An Atypical Outsized Lateral Circumflex Femoral Artery and Its Clinical Implications
Correspondence Address :
Dr. Raghu Jetti
Department of Anatomy,
Melaka Manipal Medical College (Manipal campus),
Manipal University, Manipal, 576104.
Phone: 91-820-2922635; Fax: 91-820-2571905.
The knowledge on the arterial variations of the lower extremity is extremely important for the vascular surgeons and the interventional radiologists. These variations may not endanger the life of the patients and they are usually subclinical and are found only during surgeries, autopsies and dissections. These variations may be the sources of bleeding at times. The variations which involve the femoral, profunda femoris and the circumflex femoral arteries are important in vascular reconstructive surgeries, in surgical interventions for embolism, catheterization procedures and in raising skin grafts with pedicles. The variations of the lateral circumflex femoral artery are very much useful in making the anterolateral thigh flaps. Hence, here we are reporting a rare case of an unusual size of the lateral circumflex femoral artery which arose from the femoral artery.The lateral circumflex femoral artery did not pass between the two divisions of the femoral nerve, its branches and termination were found to be normal.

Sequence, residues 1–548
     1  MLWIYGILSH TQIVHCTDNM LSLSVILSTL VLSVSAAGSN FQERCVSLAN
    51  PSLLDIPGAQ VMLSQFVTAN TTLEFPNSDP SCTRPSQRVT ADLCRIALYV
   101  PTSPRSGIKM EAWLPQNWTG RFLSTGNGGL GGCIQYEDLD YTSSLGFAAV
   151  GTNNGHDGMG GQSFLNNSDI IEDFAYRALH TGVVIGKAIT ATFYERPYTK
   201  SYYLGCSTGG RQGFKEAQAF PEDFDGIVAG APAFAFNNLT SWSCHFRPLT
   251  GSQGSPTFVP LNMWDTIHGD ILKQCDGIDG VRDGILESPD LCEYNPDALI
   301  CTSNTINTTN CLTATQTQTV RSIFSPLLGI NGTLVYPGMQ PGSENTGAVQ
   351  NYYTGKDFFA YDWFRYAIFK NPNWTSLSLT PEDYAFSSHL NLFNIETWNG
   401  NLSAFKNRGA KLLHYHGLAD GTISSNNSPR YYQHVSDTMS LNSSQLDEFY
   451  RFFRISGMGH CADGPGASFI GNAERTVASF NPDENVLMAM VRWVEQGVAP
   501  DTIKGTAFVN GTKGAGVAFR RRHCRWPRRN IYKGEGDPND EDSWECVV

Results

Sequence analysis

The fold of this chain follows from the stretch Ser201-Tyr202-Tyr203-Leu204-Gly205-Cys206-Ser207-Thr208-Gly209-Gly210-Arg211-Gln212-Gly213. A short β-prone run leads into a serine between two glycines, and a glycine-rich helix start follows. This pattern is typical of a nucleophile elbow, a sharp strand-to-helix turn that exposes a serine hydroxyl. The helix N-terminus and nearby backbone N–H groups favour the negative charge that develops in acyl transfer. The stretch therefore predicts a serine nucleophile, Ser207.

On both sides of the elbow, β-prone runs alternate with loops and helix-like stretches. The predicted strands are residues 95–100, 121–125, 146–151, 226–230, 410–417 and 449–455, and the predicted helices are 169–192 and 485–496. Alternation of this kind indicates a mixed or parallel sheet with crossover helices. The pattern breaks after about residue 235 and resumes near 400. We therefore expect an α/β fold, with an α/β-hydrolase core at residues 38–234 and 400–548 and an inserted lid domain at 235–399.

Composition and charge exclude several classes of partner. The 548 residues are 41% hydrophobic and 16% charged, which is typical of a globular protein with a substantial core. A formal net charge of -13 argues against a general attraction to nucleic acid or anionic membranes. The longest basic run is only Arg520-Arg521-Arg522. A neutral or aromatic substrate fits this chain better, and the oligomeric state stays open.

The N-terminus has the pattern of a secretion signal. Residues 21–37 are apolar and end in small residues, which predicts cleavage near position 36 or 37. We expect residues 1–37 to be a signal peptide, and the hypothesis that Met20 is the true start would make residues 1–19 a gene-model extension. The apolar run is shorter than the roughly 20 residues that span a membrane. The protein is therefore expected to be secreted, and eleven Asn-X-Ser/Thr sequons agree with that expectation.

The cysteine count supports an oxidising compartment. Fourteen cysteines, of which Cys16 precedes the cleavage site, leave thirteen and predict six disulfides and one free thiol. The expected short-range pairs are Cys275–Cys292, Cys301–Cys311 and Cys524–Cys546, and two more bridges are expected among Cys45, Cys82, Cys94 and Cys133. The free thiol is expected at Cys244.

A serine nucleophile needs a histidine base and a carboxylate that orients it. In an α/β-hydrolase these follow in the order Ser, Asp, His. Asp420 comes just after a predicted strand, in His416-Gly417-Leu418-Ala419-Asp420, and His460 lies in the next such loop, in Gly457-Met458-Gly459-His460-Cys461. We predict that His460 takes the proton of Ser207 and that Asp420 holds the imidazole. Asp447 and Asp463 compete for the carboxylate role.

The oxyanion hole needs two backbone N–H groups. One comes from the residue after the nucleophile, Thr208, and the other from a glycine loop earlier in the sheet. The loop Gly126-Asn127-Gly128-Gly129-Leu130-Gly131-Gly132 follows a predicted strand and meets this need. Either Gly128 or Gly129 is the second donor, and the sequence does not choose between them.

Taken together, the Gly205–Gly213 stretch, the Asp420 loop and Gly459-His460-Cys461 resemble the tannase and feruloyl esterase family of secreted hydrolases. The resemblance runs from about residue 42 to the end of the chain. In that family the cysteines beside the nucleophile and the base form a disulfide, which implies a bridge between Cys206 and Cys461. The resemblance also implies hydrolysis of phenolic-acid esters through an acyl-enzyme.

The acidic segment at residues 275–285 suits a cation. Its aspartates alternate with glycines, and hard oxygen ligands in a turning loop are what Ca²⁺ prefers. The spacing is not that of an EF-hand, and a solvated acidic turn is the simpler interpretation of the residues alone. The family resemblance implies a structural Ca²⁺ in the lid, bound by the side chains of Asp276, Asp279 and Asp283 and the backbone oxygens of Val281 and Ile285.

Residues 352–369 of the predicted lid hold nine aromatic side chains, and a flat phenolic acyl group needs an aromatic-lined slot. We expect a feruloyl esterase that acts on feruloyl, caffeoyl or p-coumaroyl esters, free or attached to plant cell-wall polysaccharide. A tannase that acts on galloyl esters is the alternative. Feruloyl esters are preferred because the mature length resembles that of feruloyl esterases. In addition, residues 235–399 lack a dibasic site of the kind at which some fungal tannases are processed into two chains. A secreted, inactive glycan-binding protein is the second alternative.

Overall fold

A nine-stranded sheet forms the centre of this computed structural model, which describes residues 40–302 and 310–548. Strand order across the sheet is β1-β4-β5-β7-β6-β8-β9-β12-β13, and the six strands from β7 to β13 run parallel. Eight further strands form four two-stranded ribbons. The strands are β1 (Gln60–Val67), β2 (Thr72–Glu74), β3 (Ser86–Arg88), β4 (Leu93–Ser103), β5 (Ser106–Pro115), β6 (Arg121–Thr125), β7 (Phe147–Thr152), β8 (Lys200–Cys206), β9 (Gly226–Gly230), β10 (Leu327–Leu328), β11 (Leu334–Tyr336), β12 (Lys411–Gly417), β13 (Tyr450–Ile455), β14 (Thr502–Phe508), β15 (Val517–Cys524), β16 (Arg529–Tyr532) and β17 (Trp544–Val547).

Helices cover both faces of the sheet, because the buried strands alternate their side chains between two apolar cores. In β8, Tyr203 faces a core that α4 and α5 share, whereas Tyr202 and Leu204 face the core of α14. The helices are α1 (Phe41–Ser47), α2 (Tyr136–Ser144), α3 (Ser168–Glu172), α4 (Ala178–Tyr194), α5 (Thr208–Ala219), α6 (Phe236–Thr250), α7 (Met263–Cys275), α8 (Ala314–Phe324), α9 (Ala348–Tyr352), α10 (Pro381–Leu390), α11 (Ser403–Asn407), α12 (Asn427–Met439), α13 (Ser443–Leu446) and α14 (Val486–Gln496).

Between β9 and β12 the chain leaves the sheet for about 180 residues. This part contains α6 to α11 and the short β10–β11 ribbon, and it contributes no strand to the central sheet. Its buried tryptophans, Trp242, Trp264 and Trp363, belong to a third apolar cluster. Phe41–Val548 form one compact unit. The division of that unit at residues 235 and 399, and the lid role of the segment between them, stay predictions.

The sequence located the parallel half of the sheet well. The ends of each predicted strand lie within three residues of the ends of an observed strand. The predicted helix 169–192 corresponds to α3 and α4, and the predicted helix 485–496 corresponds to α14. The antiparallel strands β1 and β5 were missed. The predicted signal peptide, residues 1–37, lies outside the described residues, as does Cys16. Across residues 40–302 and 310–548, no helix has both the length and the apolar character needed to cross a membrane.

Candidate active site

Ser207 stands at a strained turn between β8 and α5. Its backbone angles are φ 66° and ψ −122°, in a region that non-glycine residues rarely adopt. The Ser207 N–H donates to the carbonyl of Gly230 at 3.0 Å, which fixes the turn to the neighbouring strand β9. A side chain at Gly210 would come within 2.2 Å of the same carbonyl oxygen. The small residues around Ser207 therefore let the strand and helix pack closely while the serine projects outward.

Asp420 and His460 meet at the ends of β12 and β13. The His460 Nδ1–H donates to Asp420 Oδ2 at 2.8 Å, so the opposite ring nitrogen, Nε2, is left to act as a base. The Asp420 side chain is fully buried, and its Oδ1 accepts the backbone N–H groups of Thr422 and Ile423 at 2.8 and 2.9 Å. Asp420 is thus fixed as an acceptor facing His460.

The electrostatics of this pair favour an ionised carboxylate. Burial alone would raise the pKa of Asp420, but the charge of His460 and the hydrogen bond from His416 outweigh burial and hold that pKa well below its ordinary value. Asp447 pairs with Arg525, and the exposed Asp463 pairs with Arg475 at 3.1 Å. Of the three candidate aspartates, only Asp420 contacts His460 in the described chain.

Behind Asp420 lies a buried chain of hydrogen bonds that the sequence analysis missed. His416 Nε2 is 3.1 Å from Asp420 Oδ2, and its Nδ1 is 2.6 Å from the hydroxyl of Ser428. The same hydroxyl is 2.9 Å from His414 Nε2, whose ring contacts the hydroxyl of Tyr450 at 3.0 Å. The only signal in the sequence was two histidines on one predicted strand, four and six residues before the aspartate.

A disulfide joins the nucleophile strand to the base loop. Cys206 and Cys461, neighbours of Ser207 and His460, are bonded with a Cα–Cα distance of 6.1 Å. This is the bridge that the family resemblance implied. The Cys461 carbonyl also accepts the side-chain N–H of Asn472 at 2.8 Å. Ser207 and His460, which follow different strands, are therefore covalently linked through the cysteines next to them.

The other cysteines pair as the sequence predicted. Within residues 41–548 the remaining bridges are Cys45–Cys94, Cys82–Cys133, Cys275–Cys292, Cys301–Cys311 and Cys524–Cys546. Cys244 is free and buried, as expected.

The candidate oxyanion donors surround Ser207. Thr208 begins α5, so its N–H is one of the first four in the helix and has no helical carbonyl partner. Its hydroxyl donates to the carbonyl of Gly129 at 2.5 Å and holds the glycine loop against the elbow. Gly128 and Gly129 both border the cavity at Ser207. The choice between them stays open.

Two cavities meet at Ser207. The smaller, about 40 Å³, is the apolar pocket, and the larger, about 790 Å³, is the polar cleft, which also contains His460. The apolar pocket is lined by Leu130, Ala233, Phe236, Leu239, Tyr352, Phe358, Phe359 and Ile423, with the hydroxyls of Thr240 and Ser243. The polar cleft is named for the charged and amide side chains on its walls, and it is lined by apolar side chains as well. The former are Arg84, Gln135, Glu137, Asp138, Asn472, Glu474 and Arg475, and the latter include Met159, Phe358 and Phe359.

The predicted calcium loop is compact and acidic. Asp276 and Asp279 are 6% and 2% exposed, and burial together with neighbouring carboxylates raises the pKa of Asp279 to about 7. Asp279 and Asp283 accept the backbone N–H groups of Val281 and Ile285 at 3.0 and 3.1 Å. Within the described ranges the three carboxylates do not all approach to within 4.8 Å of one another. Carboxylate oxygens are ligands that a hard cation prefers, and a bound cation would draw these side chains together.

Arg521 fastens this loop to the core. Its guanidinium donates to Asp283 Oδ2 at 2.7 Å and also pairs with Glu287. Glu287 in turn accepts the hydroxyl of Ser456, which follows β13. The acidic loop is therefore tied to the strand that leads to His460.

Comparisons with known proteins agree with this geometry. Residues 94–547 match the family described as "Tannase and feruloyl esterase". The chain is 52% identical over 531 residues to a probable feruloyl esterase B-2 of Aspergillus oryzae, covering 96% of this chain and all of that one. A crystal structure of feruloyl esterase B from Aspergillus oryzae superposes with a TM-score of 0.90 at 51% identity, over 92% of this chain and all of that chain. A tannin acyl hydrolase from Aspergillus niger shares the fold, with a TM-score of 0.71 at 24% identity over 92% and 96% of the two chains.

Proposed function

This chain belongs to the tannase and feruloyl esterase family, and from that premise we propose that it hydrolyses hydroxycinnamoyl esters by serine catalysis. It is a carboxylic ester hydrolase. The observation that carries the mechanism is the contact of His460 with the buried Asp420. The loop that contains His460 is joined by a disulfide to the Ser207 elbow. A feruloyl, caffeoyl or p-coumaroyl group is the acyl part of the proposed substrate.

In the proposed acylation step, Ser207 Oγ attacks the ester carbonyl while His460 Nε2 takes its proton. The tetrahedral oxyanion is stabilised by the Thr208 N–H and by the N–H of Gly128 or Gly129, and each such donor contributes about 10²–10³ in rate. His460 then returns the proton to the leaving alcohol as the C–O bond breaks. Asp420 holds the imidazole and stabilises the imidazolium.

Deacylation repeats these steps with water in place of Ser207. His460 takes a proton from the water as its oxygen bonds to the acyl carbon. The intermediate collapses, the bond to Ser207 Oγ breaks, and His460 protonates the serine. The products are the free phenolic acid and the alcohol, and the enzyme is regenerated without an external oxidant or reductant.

Femoral artery, Lateral circumflex Femoral artery, Dlinical significance
The Lateral Circumflex Femoral Artery (LCFA) is a branch of the profunda femoris artery. It passes laterally between the anterior and the posterior divisions of the femoral nerve. The artery ends by dividing into the ascending, transverse and the descending branches. The ascending branch anastomoses with the superior gluteal and the deep circumflex iliac arteries, and it supplies the greater trochanter, the head and the neck of the femur. The descending branch anastomoses with the lateral superior genicular branch and it takes part in the anastomosis around the knee joint. The transverse branch forms the cruciate anastomosis (1). The LCFA plays a pivotal role in the anterolateral thigh flaps and in the tensorfascialatamyocutaneous flaps. The variations of this artery and its branches are very important for plastic surgeons (1). The LCFA arose from the femoral artery in 81.25% patients and from the femoral artery is 18.75% patients in the Indian population (2).